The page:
Yeah, I looked in the book and there is a special tool for servo apply depth measurement. It attaches to the transmission case and you put the pin in and use a dial indicator to measure how far it is able to move in and out. If it's outside of the spec, you get a different pin. I assume, though, that you only need to change the pin if you are changing the band, as it may be slightly different. When I rebuilt, I just made some depth measurements with the old and new bands and they were virtually the same, so I just stayed with the original pin.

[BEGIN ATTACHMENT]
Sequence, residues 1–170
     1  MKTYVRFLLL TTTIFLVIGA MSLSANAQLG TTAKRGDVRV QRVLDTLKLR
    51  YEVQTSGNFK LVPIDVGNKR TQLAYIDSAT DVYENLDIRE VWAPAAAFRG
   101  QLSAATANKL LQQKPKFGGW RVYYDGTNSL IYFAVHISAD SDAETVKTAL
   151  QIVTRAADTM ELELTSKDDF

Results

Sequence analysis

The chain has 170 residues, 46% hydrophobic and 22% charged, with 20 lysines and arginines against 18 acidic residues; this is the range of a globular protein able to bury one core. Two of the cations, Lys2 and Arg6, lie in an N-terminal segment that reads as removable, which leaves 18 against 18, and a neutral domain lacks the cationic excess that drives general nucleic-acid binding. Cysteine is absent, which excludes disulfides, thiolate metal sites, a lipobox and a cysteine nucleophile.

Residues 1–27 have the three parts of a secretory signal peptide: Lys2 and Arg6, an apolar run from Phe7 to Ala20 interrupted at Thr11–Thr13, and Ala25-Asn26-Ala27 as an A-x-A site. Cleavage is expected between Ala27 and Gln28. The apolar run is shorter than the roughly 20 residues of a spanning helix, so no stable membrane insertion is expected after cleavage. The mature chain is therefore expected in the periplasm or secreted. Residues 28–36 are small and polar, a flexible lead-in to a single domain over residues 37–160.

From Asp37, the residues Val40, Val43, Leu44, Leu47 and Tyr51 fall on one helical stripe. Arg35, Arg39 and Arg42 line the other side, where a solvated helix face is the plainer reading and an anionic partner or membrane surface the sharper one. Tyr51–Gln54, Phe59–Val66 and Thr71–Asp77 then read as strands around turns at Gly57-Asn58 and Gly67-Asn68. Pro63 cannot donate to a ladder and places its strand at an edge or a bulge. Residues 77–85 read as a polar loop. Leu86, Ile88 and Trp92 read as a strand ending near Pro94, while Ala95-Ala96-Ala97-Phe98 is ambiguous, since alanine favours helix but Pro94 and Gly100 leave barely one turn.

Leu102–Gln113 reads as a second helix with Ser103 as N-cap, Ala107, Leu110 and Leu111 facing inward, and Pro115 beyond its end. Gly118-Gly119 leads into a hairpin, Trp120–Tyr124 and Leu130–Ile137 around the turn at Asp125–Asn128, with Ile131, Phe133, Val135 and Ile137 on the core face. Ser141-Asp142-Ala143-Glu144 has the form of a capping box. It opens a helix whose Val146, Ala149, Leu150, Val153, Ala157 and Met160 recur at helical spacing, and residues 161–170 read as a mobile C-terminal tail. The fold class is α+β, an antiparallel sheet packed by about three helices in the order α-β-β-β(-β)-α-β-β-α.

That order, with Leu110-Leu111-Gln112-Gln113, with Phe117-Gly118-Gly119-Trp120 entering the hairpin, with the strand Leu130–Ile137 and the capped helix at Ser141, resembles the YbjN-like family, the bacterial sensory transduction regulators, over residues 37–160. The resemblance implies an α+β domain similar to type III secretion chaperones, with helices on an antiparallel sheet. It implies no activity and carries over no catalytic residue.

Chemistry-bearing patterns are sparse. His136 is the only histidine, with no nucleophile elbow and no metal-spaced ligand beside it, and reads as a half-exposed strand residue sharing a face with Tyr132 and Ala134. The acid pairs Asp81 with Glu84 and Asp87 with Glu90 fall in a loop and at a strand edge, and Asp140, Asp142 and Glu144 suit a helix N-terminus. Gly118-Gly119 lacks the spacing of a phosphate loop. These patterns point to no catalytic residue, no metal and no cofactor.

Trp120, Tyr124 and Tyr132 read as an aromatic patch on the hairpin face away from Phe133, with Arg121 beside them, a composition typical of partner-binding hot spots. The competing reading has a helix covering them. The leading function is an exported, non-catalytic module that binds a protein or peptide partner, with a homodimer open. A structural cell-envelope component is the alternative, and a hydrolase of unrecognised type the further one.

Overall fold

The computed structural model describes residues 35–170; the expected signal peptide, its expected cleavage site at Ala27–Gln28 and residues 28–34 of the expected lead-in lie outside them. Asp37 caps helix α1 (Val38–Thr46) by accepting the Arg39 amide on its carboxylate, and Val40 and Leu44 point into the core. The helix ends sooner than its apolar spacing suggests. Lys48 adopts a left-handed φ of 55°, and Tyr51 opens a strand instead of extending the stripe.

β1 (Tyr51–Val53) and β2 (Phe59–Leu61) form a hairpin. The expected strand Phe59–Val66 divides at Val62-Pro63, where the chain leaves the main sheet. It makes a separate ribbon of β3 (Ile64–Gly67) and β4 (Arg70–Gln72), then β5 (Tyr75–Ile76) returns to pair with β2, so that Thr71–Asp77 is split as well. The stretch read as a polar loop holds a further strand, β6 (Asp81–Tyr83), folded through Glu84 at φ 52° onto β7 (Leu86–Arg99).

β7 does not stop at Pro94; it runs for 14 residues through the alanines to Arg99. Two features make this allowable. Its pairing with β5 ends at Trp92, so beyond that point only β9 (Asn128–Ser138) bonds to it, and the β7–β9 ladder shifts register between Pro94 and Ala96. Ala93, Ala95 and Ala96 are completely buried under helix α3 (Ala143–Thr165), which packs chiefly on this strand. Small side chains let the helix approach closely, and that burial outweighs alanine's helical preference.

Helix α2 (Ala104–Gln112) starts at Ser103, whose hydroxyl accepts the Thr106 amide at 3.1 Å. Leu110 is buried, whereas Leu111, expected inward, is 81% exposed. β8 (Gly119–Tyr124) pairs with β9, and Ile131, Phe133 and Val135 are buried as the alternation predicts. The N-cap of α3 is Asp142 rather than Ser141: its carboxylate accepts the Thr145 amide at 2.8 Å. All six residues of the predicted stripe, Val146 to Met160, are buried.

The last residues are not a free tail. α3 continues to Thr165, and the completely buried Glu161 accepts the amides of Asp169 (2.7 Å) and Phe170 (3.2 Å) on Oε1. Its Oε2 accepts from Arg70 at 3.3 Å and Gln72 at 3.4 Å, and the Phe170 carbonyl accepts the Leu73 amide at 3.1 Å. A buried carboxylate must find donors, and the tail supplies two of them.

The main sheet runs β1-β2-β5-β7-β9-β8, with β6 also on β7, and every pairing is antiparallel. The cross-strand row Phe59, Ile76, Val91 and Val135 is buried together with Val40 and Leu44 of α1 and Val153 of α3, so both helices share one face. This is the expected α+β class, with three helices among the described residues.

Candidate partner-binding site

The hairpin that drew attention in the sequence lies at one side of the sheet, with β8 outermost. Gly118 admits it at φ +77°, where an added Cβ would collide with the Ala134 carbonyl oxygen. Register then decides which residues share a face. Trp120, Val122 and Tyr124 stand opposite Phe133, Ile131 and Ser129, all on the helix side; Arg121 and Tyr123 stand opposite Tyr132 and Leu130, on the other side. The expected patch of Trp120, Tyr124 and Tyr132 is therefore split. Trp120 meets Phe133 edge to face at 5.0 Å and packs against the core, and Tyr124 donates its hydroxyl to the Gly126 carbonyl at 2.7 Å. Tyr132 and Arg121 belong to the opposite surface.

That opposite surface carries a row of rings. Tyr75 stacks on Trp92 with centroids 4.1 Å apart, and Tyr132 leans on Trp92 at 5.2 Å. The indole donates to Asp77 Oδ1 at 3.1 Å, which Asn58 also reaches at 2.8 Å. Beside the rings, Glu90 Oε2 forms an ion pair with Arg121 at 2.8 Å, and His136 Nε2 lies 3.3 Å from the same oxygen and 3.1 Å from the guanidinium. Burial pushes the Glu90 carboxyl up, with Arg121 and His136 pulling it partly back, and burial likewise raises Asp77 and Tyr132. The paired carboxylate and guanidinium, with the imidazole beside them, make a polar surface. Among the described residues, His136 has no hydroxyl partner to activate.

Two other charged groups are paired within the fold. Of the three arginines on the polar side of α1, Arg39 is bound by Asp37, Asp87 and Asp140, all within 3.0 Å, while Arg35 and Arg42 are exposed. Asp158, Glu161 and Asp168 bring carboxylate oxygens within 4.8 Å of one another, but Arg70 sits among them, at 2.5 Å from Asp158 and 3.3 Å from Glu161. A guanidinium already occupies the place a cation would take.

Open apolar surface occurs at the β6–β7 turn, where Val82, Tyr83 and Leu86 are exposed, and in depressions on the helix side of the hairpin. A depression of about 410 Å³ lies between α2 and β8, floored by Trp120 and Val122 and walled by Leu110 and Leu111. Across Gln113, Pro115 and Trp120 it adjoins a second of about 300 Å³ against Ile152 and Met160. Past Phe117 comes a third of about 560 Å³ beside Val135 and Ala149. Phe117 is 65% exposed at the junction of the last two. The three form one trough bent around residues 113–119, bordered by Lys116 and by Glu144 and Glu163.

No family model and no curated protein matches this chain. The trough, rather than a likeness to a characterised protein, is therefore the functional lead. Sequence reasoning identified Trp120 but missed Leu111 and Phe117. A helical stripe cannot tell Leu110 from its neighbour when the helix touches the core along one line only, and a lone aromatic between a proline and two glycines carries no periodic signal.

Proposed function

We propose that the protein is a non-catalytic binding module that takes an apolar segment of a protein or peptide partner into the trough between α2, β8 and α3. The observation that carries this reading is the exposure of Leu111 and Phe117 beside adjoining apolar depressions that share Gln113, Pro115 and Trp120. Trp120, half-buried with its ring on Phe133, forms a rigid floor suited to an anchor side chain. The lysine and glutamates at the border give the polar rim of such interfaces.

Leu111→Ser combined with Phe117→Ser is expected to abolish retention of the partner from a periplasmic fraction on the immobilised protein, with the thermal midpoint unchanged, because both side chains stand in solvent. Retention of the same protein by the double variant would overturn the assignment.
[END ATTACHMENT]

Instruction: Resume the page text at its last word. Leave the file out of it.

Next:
And BTW, I'll say that you were right all along, as a band really is a kind of clutch...
     
  20. ftn96

    ftn96 1/2 ton status

    Joined:
    Sep 26, 2000
    Posts:
    3,238
    Likes Received:
    0
    Location:
    Nashville Tn
    cool beans man! I think I'll try it adn see. After Friday's ride in traffic, I have to do something.
     

Share This Page